Build cross-platform modern desktop apps in Go + HTML5
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Sergii Zaitsev
Latest commit 21c1fd6 Dec 10, 2018

README.md

Lorca

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Lorca

A very small library to build modern HTML5 desktop apps in Go. It uses Chrome browser as a UI layer. Unlike Electron it doesn't bundle Chrome into the app package, but rather reuses the one that is already installed. Lorca establishes a connection to the browser window and allows calling Go code from the UI and manipulating UI from Go in a seamless manner.


Features

  • Pure Go library (no cgo) with a very simple API
  • Small application size (normally 5-10MB)
  • Best from the two worlds - the whole power of HTML/CSS to make your UI look good, combined with Go performance and ease of development
  • Expose Go functions/methods and call them from JavaScript
  • Call arbitrary JavaScript code from Go
  • Asynchronous flow between UI and main app for both languages (async/await and Goroutines)
  • Supports loading web UI from the local web server or via data URL
  • Supports embedding all assets into a single binary
  • Supports testing your app with the UI in the headless mode
  • Supports multiple app windows
  • Supports packaging and branding (e.g. custom app icons). Packaging for all three OS can be done on a single machine using GOOS and GOARCH variables.

Also, limitations by design:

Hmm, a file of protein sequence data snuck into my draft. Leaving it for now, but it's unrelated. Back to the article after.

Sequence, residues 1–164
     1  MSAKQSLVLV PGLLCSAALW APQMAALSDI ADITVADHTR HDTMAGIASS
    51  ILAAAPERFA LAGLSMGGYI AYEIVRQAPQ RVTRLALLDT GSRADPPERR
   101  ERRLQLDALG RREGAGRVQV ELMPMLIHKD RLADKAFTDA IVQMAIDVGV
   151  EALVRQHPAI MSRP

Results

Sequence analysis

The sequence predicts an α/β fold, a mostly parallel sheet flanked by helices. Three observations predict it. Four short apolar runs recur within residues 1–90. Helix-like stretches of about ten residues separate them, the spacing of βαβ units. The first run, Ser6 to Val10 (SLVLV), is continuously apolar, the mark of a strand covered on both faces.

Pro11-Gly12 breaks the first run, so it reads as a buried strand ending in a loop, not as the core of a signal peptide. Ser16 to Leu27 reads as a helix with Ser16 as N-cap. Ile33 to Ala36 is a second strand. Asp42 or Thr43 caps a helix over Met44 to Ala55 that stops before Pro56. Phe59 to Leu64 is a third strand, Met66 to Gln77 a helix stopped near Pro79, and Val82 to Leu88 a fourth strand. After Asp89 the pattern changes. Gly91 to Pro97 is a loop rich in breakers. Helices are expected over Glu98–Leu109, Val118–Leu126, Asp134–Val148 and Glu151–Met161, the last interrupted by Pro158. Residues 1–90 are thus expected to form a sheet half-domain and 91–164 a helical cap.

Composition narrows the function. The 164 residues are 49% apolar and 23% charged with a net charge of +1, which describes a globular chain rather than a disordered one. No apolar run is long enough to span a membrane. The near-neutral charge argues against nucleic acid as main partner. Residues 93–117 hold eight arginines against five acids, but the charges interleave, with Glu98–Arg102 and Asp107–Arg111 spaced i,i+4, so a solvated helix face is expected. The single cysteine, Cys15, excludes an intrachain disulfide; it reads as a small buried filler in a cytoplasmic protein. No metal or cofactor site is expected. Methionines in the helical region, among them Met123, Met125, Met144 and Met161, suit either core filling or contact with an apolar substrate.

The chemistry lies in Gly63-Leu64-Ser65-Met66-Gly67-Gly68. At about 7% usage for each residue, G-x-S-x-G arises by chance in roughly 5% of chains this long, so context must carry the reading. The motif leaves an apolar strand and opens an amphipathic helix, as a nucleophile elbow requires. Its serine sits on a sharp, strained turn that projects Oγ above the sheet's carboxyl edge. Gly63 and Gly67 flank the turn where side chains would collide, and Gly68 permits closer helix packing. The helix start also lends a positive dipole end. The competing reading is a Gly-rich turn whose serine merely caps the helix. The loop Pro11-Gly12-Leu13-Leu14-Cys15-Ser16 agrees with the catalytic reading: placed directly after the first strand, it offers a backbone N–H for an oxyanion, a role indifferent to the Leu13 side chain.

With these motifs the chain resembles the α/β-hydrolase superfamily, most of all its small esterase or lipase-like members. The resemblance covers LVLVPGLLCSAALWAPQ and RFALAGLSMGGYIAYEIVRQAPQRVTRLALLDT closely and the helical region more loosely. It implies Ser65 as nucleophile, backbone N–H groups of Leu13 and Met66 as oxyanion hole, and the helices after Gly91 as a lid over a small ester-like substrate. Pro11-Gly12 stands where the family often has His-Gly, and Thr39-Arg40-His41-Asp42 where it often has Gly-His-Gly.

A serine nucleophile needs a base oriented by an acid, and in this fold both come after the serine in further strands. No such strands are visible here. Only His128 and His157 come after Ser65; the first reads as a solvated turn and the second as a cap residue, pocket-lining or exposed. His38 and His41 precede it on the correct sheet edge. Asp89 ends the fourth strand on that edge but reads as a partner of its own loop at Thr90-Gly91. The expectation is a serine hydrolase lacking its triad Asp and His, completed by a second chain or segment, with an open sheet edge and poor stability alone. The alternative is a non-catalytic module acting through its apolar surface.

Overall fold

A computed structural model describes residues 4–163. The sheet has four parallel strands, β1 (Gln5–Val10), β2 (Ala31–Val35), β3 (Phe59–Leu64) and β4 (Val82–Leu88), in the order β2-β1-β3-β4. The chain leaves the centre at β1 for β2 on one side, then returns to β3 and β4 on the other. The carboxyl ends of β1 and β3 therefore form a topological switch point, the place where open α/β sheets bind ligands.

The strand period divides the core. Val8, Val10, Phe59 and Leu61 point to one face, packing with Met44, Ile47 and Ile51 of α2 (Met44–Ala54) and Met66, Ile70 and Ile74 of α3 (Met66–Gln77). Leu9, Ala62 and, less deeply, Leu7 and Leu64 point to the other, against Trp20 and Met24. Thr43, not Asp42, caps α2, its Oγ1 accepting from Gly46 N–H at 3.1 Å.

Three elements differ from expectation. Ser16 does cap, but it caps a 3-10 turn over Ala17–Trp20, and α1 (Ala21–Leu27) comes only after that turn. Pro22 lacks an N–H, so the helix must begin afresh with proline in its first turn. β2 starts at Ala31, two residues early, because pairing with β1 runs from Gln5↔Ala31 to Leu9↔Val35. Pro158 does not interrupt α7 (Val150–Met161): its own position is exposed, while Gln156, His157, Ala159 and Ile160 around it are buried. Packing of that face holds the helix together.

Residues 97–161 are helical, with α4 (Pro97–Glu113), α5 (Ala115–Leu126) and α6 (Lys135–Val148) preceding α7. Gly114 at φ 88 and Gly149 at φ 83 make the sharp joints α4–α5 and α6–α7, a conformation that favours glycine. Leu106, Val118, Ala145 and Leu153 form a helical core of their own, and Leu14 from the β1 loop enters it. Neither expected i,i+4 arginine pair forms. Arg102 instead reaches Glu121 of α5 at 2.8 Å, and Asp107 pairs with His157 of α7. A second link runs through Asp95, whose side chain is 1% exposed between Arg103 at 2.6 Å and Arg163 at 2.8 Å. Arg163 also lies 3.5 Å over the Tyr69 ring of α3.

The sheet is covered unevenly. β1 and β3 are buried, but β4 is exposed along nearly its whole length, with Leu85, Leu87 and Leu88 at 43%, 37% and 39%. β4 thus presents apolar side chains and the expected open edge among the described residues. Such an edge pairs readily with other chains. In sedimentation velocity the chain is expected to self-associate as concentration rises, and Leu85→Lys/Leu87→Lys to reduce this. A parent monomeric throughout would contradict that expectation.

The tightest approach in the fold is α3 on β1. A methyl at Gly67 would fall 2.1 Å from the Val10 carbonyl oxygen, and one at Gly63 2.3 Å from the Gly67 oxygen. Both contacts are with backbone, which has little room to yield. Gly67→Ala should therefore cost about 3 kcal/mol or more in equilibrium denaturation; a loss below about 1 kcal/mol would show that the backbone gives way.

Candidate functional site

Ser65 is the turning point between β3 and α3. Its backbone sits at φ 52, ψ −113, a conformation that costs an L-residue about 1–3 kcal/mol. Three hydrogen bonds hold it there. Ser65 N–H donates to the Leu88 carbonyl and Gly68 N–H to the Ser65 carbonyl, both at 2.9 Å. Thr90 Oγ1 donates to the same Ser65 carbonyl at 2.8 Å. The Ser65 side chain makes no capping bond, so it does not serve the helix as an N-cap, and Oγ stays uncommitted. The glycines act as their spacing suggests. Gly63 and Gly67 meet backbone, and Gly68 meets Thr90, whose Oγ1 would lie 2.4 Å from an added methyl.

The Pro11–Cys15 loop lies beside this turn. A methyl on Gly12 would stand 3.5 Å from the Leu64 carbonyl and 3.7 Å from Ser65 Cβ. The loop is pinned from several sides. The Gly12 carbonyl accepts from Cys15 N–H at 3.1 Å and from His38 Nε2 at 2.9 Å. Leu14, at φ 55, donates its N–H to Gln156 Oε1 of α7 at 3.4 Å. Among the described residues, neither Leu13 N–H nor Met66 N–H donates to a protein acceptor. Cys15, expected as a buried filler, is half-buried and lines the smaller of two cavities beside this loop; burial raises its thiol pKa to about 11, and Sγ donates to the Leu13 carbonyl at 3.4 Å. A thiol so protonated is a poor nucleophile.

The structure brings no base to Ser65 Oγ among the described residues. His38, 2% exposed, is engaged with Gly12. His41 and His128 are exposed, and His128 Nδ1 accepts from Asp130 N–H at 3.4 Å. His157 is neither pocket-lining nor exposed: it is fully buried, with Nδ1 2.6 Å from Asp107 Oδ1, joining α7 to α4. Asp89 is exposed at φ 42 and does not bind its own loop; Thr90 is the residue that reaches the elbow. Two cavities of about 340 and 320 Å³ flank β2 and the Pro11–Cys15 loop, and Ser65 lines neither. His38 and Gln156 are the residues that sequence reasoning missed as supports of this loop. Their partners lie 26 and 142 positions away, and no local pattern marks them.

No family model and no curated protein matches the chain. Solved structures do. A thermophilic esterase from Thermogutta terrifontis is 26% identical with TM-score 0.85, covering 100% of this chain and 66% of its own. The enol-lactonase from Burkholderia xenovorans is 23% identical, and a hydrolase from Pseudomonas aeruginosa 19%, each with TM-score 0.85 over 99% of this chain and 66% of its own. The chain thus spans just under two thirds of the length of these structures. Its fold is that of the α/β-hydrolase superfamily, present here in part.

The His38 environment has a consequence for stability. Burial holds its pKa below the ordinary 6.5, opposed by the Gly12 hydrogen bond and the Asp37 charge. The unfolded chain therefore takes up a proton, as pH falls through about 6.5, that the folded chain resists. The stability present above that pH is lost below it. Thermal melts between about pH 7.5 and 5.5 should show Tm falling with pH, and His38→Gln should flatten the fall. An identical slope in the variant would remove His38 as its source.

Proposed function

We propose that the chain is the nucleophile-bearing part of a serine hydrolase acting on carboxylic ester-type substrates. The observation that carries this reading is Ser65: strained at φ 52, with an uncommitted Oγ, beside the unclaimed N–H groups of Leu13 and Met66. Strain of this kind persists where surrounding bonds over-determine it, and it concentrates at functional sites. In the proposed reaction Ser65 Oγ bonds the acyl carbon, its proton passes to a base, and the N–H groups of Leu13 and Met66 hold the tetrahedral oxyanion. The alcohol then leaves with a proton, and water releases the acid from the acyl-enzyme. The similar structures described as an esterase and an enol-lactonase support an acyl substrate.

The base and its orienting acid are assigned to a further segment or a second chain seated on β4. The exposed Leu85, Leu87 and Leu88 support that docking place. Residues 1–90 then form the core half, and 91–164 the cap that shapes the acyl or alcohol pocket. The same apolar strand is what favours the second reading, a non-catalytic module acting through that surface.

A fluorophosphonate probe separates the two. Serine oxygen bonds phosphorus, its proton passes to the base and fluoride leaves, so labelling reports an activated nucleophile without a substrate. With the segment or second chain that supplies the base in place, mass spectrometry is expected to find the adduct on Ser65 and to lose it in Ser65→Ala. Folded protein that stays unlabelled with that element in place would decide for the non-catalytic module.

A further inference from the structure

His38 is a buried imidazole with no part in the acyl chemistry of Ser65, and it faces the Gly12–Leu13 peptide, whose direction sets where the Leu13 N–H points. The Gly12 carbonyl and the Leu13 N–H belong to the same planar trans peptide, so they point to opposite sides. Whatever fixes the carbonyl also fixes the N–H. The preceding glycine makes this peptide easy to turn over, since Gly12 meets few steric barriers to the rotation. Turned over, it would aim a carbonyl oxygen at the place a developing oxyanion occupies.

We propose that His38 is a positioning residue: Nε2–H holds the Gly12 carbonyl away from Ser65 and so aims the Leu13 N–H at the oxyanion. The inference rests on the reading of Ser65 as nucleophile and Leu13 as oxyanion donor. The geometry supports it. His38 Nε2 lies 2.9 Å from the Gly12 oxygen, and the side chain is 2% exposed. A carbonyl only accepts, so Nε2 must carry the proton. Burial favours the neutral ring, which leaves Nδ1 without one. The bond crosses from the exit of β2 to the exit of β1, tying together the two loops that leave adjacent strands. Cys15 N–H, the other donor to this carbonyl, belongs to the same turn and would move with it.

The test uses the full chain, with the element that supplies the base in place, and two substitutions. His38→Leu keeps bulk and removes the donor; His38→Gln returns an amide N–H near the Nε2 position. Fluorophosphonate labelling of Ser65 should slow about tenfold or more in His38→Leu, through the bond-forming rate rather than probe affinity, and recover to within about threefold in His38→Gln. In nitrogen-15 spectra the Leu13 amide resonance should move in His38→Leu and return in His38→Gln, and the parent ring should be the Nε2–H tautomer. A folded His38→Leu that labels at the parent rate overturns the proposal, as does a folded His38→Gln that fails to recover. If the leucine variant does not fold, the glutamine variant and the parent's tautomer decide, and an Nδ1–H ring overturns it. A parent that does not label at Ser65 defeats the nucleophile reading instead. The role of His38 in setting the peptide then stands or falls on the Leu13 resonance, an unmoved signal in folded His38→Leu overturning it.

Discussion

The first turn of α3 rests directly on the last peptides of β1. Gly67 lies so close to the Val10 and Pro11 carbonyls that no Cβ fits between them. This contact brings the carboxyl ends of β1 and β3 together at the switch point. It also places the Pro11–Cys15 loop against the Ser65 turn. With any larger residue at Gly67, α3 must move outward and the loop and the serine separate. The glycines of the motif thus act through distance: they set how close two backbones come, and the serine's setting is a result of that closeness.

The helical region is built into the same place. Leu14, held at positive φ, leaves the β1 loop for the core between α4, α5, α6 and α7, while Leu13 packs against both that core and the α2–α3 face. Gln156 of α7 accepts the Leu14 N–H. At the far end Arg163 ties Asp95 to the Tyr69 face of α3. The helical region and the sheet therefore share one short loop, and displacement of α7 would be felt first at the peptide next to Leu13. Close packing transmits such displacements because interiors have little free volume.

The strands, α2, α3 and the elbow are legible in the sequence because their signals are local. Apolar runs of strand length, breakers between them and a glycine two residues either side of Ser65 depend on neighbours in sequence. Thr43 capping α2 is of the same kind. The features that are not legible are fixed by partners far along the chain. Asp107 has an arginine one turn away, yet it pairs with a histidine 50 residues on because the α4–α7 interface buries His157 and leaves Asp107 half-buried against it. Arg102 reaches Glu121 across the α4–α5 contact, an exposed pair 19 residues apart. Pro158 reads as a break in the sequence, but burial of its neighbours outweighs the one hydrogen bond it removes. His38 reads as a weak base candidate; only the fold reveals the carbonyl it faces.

• Requires Chrome/Chromium >= 70 to be installed.
  • No control over the Chrome window yet (e.g. you can't remove border, make it transparent, control position or size).
  • No window menu (tray menus and native OS dialogs are still possible via 3rd-party libraries)

If you want to have more control of the browser window - consider using webview library with a similar API, so migration would be smooth.

Example

ui, _ := lorca.New("", "", 480, 320)
defer ui.Close()

// Bind Go function to be available in JS. Go function may be long-running and
// blocking - in JS it's represented with a Promise.
ui.Bind("add", func(a, b int) int { return a + b })

// Call JS function from Go. Functions may be asynchronous, i.e. return promises
n := ui.Eval(`Math.random()`).Float()
fmt.Println(n)

// Call JS that calls Go and so on and so on...
m := ui.Eval(`add(2, 3)`).Int()
fmt.Println(m)

// Wait for the browser window to be closed
<-ui.Done()

Also, see examples for more details about binding functions, embedding assets and packaging binaries.

How it works

Under the hood Lorca uses Chrome DevTools Protocol to instrument on a Chrome instance. First Lorca tries to locate your installed Chrome, starts a remote debugging instance binding to an ephemeral port and reads from stderr for the actual WebSocket endpoint. Then Lorca opens a new client connection to the WebSocket server, and instruments Chrome by sending JSON messages of Chrome DevTools Protocol methods via WebSocket. JavaScript functions are evaluated in Chrome, while Go functions actually run in Go runtime and returned values are sent to Chrome.

What's in a name?

There is kind of a legend, that before his execution Garcia Lorca have seen a sunrise over the heads of the soldiers and he said "And yet, the sun rises...". Probably it was the beginning of a poem. (J. Brodsky)

Lorca is an anagram of Carlo, a project with a similar goal for Node.js.

License

Code is distributed under MIT license, feel free to use it in your proprietary projects as well.